Follow in the footsteps of the Pink Ladies and enjoy the benefits of Arthritis Ireland’s Walking Groups
But as the members of Arthritis Ireland walking groups have discovered, moving really is the best medicine.
Elaine Cullen certainly agrees. The 32-year-old is a proud member of the Wexford branch’s “Pink Ladies”, one of the network’s most vibrant and committed groups.
Having been diagnosed with fibromyalgia and osteoporosis five years ago, Elaine’s condition became so severe that she struggled to walk and was even forced to give up work.
However, things changed when she joined the Wexford Walking Group, a development she describes as “like taking a magic pill”.
“I couldn’t believe the difference”, she explained. “Walking is like my treatment. I keep telling myself that diabetics take insulin, whereas I take exercise. When I started in the group I was a very slow walker but I kept it up and gradually I was able to do more. The leaders are fantastic. Sometimes the pain can be so bad that my mood is affected but the group is a great support and cheers me up. Even if I’m too sore to walk, I’ll still go down there for the tea and the chat!”
Yes, while walking is the main pursuit, the post-walk bonding over a cuppa is an equally effective tonic.
Rosaleen, 66, copes with an unenviable combination of rheumatoid arthritis and osteoarthritis as well as fibromyalgia. And she remembers only too well the shock of her diagnosis. “The worst thing was the isolation. I had to give up work and depression set in. My husband would get me out of bed in the morning, put me in a chair and I’d be there when he came home”, she said.
Determined to manage her condition – and to help others do the same – Rosaleen got involved in the Wexford branch of Arthritis Ireland and trained alongside Phil as a walking group leader.
Hail, rain or shine, the determined ladies now meet every Wednesday evening at the River Bank Hotel in Wexford where they embark on a 40-minute walk.
Rosaleen explained: “We always make sure to warm up beforehand and do stretches to cool down. If it’s extremely wet out, we’ll do exercises to music. We see the results very quickly and see the difference that walking makes to people’s wellbeing. We all have a laugh, we talk and it’s great fun, and it’s great to have support from people who understand your condition. Of course, anything said within the group stays within the group.”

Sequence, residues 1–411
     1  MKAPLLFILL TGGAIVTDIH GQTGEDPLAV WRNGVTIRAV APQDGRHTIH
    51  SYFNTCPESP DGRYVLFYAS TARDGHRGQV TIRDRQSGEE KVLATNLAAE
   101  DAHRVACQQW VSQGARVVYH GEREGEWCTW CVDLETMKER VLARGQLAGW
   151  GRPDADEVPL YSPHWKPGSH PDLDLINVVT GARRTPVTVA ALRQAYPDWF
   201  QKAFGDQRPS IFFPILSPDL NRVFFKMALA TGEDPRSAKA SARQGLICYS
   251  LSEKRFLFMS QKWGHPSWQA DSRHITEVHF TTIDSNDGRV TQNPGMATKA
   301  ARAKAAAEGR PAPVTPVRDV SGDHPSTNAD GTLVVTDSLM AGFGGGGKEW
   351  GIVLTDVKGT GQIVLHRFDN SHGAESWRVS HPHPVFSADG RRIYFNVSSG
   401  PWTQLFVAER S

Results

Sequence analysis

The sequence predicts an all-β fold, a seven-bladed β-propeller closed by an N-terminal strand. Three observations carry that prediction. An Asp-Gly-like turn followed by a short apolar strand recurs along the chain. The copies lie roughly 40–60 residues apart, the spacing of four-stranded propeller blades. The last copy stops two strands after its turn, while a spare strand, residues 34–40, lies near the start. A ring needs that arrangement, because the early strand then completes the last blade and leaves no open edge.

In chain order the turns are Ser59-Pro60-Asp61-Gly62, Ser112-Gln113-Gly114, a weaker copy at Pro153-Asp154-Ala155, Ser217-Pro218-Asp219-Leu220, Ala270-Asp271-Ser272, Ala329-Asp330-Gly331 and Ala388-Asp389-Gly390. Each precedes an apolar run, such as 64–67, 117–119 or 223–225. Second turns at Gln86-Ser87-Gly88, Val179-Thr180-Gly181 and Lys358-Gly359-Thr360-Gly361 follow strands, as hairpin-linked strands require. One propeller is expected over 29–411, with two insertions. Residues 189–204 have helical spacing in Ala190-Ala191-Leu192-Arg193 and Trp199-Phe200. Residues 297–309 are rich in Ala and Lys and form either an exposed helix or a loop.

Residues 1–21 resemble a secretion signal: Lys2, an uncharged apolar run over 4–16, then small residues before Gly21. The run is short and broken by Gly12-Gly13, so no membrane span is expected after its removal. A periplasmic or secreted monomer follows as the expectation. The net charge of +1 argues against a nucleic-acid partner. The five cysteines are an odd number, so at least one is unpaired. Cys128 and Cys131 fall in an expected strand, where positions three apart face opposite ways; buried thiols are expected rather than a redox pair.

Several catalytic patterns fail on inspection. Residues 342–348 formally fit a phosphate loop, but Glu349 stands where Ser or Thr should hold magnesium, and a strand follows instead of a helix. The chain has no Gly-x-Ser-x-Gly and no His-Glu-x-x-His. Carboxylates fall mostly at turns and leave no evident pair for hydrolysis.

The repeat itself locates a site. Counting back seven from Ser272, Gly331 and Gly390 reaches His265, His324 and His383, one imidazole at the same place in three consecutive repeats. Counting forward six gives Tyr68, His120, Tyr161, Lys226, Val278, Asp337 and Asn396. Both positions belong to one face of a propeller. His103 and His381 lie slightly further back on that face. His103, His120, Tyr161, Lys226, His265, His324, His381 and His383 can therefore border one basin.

As they cater for walkers of all abilities, co-founder Phil insists there’s “no entry criteria”.
The 59-year-old, who has rheumatoid arthritis, explained: “We welcome people of all ages and all abilities. The worst exercise is no exercise and even if you’ve had a bad day, a walk can really help. If someone has bad pain and has to turn back after five minutes, that’s still progress and one of the leaders will always turn back with them. No matter what your pace, you’re never alone because we have a leader at the front, middle and back of the group. Organisation is important too and I always carry a first aid kit as well as spare hats, scarves and gloves so we’re prepared.”
The group’s weekly route varies depending on daylight, but its philosophy of safe and healthy exercise in a supportive atmosphere remains the same.
And the enthusiastic members are all united in their belief that it’s a case of reaping what you sow.
As Phil pointed out: “It’s a big commitment but I really look forward to it. I feel it’s important to give something back and you learn so much by being with other people who have the condition. I’d feel I was letting people down if I didn’t go along on a Wednesday night, yet I’d be lost without it because it’s a huge support to me as well.”
Arthritis Ireland’s network of arthritis-friendly walking groups spans right across the country. Find out where your local group is by clicking here or call 1890 252 846.
Would you like the chance to lead your own walking group? Find out how here.